Shailesh Kapoor:The State Of Our Sport: Asiad, ISL & more

26 Sep,2014

By Shailesh Kapoor


In many ways, the 1982 Asian Games (also called Asiad) in New Delhi had a major role to play in India’s television history. They marked the advent of colour broadcasting in India, and also initiated a culture of viewing live sports broadcast, a pleasure unknown to most Indians till that point of time.


The 17th Asiad is currently underway in Incheon, Korea. But you would be excused for not knowing much about them. The Asiad event, which India once gave great importance to, has progressively lost significance over the last two decades. There is little media coverage, and virtually no viewership.


Even the Olympics, which have gained more prominence over the last few years thanks to India’s medal count moving from a zero for many years to a record five in 2012, record scant viewership.


Even if we look at the comfort territory, i.e., cricket, viewership has moved away from Tests and even ODIs, to the IPL. Evidently, we are becoming a country of leagues. With a high-investment property in Indian Super League (ISL) lined up, this trend would further consolidate in the coming year.


But the shift is not from nation-vs-nation sport to sporting leagues. It is fundamentally a shift from sports to sports entertainment. Consumer research in the sports category reveals the insight that watching sport, per se, is not always an entertainment experience. Purists, who follow sports to the last detail, are a handful in number, ranging from less than 15% of the total viewer base for cricket to less than 5% for most other sports.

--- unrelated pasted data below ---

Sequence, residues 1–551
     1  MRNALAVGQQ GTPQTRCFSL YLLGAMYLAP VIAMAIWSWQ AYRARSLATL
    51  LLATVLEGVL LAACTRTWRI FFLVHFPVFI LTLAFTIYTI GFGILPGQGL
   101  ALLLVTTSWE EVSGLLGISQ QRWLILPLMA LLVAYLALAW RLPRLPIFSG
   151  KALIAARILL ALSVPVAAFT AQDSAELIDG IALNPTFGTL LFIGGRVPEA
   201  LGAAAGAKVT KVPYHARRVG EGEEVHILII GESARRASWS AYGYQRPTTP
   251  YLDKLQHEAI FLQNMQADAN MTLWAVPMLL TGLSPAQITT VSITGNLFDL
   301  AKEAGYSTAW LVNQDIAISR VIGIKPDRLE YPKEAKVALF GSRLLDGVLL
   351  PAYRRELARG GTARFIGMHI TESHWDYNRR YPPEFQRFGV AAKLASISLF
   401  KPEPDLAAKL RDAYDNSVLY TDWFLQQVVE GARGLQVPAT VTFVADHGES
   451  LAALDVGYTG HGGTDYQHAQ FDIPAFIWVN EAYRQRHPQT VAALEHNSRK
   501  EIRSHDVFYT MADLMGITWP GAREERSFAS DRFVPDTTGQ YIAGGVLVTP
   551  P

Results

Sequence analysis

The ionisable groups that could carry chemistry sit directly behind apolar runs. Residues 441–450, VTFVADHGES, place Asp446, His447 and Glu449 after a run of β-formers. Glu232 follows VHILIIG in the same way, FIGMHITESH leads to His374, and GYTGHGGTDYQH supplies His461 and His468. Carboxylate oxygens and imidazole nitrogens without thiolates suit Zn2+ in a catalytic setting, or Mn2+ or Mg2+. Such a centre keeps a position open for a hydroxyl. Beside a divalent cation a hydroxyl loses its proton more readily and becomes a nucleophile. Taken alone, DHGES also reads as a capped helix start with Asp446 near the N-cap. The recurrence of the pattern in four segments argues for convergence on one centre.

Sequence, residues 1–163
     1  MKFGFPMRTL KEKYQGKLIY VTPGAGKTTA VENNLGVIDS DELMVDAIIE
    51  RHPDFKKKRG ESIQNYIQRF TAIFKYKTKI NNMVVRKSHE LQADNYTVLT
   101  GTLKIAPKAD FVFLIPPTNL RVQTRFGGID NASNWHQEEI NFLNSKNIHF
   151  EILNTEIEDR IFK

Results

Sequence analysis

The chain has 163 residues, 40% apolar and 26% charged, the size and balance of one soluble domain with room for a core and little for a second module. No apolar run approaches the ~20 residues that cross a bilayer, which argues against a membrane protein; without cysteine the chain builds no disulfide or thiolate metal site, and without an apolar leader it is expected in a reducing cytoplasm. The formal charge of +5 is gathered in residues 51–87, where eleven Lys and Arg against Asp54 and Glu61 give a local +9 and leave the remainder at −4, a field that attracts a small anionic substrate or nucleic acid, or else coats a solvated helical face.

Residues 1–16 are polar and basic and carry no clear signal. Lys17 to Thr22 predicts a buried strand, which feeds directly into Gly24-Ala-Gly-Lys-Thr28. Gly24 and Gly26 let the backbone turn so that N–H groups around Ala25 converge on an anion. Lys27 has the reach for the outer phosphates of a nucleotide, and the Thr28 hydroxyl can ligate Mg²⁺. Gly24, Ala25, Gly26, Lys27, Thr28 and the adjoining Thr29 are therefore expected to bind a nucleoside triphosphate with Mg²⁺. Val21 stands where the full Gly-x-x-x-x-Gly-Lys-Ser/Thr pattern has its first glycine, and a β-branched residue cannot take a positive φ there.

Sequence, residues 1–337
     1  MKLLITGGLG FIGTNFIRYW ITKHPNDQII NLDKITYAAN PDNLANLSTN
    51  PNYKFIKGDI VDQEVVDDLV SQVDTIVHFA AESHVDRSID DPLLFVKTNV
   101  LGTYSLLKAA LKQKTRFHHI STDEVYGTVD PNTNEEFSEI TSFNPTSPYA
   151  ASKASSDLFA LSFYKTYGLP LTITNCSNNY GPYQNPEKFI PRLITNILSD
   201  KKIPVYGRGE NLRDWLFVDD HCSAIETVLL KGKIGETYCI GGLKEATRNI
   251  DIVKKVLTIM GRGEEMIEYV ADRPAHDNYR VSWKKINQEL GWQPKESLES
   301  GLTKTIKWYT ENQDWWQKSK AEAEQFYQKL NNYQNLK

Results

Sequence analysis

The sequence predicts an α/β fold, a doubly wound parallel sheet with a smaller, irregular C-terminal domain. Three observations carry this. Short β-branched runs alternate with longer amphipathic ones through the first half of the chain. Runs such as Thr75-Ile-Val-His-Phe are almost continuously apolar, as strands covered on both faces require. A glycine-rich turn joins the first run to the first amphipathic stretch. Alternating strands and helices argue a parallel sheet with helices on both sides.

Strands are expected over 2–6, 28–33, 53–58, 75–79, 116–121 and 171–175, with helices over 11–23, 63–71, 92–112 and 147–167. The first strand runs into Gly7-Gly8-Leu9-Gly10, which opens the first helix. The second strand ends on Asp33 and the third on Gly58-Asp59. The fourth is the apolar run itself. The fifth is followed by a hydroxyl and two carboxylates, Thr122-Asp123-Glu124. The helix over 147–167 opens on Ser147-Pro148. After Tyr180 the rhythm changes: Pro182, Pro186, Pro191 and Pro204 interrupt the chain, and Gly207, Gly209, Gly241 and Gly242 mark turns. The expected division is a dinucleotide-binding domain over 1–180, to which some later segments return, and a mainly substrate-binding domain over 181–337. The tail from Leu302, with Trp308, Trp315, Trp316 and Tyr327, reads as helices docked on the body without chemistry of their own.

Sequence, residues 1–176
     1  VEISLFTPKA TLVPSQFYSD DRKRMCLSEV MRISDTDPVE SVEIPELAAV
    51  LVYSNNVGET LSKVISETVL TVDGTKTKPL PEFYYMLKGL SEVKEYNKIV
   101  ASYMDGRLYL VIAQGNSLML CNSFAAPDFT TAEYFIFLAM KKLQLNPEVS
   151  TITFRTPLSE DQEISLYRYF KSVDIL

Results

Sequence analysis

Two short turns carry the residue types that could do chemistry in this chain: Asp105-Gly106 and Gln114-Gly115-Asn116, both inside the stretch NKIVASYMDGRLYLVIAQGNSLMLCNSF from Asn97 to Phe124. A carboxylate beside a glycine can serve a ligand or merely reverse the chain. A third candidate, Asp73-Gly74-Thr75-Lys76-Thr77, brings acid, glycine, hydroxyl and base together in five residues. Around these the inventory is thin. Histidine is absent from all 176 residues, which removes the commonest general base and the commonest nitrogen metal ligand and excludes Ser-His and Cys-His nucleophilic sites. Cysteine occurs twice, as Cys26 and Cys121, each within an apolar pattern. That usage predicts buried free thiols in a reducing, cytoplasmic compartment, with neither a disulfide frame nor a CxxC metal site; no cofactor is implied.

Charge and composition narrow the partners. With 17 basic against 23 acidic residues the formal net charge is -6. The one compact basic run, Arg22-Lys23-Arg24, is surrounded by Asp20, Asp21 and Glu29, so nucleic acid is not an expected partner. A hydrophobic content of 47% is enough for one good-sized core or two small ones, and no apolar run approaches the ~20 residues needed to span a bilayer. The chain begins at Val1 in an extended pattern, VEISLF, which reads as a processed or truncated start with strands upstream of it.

For everyone else, tuning into a sports channel is primarily an entertainment-seeking activity. You are hoping to be dazzled by some high-octane action, a twist in the tale, some humour and even some song-and-dance. And yes, while you are at it, you will also like a particular team to win.


A purist (and I am one, when it comes to sports) may scoff at the state of affairs, but in what has been a one-sport nation so far, if this is what we need to build any kind of sports awareness, then so be it.


Where that leaves our handful of sporting heroes, who win laurels for us at International meets, is questionable. Saina Nehwal is arguably India’s greatest sportsman in the 2010-14 period. Yet, her awareness and popularity remains abysmal in mass India. Badminton is not an entertaining sport to watch, and to make matters worse, it is considered by many viewers as a fairly easy sport to play (and hence, no big deal in winning top honors in it!).


We are the crossroads of a sporting revolution of some kind. While a section of the sports fraternity is busy developing genuine talent in boxing, badminton, shooting and the likes, a large section of viewers are happy watching sports like popcorn fare.


Only time will decide which of these two directions will we head in. Both of them, however, are a major improvement on being a cricket-crazy one-sport nation.


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